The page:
Friedrich Ladegast (August 30, 1818 – June 30, 1905) was a famous German organ builder.
Ladegast was born in Hochhermsdorf (now Hermsdorf), Saxony, to a carpenter and cabinet-maker. He worked first for his brother Christlieb, an organ builder at Geringswalde, and built his first two organs at the age of twenty. He then traveled as a journeyman to various workshops, including those of Johann Gottlob Mende in Leipzig, Urban Kreutzbach in Borna, Adolf Zuberbier in Dessau, Martin Wetzel in Strasbourg, and Aristide Cavaillé-Coll in Paris. His work with Cavaillé-Coll was especially influential on his own designs; the two developed a friendship, and Ladegast introduced many technical innovations learned from Cavaillé-Coll's workshop to Germany, such as swell pedals and Barker levers.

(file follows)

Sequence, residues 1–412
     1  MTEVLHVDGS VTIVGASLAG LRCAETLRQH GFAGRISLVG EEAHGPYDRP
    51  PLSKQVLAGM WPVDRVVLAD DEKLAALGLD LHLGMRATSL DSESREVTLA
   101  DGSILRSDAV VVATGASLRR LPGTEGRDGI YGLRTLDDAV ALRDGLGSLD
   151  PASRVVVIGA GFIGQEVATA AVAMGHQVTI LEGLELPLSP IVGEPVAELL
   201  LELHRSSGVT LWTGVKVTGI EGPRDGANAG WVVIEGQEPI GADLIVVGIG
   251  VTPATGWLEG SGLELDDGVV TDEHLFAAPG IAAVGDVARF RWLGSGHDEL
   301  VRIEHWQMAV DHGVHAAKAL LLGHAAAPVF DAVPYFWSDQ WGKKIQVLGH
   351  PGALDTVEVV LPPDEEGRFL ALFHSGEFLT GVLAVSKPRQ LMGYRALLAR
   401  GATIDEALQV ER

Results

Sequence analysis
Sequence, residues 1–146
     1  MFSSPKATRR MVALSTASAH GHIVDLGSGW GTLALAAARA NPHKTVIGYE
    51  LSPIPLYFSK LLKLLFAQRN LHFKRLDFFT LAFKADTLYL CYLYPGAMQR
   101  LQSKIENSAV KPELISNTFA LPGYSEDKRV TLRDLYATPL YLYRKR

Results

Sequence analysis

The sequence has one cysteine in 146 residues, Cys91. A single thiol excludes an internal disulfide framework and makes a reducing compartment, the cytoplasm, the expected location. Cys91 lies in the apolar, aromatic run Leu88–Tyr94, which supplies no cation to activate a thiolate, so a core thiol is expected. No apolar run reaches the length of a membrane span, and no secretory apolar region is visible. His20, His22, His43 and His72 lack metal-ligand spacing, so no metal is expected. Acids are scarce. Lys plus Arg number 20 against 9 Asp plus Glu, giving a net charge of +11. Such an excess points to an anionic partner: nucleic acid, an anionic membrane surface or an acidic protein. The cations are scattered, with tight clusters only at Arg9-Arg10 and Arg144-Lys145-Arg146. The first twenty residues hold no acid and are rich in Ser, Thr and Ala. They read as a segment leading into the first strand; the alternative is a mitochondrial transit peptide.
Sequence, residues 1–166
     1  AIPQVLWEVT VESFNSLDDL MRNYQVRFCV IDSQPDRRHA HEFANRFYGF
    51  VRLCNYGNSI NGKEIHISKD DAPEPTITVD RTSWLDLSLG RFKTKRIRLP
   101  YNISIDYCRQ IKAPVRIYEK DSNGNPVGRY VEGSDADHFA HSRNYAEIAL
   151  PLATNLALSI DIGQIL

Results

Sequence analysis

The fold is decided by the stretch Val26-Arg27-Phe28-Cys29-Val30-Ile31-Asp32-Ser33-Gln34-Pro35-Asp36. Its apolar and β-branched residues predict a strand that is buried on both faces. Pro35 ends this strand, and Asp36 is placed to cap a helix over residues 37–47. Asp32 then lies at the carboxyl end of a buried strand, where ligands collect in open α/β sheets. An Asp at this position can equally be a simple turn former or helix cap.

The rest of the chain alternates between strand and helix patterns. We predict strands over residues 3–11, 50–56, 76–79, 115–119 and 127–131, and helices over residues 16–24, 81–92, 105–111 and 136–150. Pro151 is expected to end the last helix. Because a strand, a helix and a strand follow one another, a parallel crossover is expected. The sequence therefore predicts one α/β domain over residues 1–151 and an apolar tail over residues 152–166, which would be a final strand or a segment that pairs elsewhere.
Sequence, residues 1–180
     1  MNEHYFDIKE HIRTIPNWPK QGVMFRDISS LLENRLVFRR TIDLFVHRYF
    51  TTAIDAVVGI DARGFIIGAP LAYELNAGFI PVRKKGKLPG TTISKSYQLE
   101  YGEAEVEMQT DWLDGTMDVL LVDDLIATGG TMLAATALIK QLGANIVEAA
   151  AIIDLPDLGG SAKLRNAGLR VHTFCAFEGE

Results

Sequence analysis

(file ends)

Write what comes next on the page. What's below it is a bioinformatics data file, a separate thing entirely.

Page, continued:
He set up his own workshop at Weißenfels in 1846, with his first commission being for a small organ in Geusa. He went on to build over 200 organs, with notable works including the reconstruction of the organ of the Merseburg Cathedral (IV/81, 1855), and building the organ of the Nikolaikirche in Leipzig (IV/84,1859–62). His largest instrument was for Schwerin Cathedral (IV/84, 1870–71). His son, Oskar Ladegast, took over his firm in 1898.